The Otago Museum is situated in Dunedin, New Zealand. It was founded in 1868 and has a collection of over two million artefacts and specimens from the fields of natural history and ethnography. It is adjacent to the University of Otago campus in Dunedin North, 1,500 metres northeast of the city centre.
The museum has changed over the years, a 2002 development being the addition of a new display area "Southern land, Southern people", dealing with the prehistory and history of the Otago region, and the refurbishment of galleries devoted to the cultures of Melanesia. The museum has an outstanding Pacific Island collection, Australasia's most significant Classical collection, and the premier ceramic collection in New Zealand. It also houses a large assembly of natural history items. Notable among the latter is material related to New Zealand bird-life, including the world's most extensive collection of Moa remains.
The initial collection consisted of material from the 1865 New Zealand Exhibition (held in Dunedin). The King Street portion of the present building was completed in 1877, and was designed by David Ross (1828-1908). Further wings (the Hocken and Fels) and the centennial, were added in 1910, 1923 and 1963. The museum also houses lecture theatres and an interactive children's display centre ("Discovery World"), as well as a research centre and galleries which regularly host touring exhibitions. The entrance foyer is also home to a shop and cafeteria.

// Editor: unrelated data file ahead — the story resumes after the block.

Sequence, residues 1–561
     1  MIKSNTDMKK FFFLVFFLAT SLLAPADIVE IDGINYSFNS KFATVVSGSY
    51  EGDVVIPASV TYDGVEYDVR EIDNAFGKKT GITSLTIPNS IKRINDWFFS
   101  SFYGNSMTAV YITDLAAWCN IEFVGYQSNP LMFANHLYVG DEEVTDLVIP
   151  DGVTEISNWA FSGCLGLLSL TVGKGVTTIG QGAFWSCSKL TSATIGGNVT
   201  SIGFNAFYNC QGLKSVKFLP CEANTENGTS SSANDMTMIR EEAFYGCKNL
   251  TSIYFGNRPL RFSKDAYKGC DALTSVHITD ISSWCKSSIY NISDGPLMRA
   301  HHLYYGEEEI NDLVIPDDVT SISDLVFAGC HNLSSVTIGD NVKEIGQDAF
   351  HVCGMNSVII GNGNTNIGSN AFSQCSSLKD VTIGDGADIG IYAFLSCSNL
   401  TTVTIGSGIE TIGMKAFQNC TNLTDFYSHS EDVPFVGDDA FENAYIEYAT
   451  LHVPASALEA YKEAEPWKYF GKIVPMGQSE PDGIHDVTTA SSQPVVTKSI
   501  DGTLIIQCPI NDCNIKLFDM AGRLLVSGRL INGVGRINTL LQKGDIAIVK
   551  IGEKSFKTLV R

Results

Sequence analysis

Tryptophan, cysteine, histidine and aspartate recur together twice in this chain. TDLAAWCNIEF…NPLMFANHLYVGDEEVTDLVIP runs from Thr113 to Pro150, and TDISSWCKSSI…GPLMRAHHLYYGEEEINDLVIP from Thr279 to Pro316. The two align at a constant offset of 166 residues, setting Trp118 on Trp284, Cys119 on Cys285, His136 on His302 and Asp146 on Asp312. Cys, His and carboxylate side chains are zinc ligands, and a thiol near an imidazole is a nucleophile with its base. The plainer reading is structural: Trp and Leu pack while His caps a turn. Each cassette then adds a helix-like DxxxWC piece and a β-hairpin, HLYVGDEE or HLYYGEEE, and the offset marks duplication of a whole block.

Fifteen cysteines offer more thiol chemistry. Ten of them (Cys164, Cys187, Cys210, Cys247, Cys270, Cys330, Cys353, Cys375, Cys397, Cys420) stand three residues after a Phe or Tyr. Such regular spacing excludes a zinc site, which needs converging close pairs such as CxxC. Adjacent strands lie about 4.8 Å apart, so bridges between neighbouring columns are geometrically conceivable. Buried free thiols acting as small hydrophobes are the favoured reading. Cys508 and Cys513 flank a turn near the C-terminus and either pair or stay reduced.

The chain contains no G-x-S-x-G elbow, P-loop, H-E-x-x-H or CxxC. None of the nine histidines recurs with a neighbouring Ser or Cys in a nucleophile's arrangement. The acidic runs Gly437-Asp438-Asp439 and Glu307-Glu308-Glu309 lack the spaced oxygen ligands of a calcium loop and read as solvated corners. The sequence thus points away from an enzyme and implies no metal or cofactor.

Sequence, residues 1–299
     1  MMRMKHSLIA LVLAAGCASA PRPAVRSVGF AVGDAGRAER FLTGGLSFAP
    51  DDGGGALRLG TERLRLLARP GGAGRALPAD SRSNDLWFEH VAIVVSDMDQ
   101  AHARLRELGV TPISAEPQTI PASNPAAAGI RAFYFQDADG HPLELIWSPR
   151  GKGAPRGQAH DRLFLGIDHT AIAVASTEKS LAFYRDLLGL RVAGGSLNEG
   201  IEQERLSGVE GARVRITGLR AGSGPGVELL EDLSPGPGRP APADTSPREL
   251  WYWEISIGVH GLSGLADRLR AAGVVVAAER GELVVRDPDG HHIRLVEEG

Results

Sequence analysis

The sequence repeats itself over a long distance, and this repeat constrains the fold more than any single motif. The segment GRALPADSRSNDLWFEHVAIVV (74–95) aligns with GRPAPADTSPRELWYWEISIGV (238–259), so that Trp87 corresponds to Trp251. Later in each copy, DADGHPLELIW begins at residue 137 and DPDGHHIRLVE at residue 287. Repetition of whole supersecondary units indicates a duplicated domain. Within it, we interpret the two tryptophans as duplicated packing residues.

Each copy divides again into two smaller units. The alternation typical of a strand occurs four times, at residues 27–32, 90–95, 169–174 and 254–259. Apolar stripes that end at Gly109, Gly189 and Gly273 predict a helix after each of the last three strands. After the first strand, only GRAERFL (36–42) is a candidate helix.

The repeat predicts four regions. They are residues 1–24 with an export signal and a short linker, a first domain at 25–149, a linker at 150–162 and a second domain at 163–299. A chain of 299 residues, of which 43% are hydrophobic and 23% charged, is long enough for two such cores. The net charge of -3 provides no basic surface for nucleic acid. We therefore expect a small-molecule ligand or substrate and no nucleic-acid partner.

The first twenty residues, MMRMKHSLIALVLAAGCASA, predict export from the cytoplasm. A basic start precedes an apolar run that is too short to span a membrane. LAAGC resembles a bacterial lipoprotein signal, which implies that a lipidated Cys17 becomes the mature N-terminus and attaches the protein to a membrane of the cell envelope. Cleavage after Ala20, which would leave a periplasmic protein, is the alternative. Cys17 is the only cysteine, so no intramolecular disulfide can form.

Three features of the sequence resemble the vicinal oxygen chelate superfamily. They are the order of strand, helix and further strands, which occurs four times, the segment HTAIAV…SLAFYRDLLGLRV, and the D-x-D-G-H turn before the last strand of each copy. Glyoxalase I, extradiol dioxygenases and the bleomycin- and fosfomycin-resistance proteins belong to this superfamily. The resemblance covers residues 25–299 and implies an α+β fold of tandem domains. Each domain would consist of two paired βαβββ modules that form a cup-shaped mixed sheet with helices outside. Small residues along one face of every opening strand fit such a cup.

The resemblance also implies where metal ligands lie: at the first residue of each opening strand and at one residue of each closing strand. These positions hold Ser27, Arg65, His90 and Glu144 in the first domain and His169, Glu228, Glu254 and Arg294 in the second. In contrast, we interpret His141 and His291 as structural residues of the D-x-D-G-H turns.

On 3 November 2007 the newest addition to the Otago Museum opened to the public, the three storeyed "Tropical Forest". This features a variety of flora and fauna from around the globe, including many species of butterfly from Asia and the Caribbean.
The museum had a record 472,600 visits in the year ending 30 June 2008.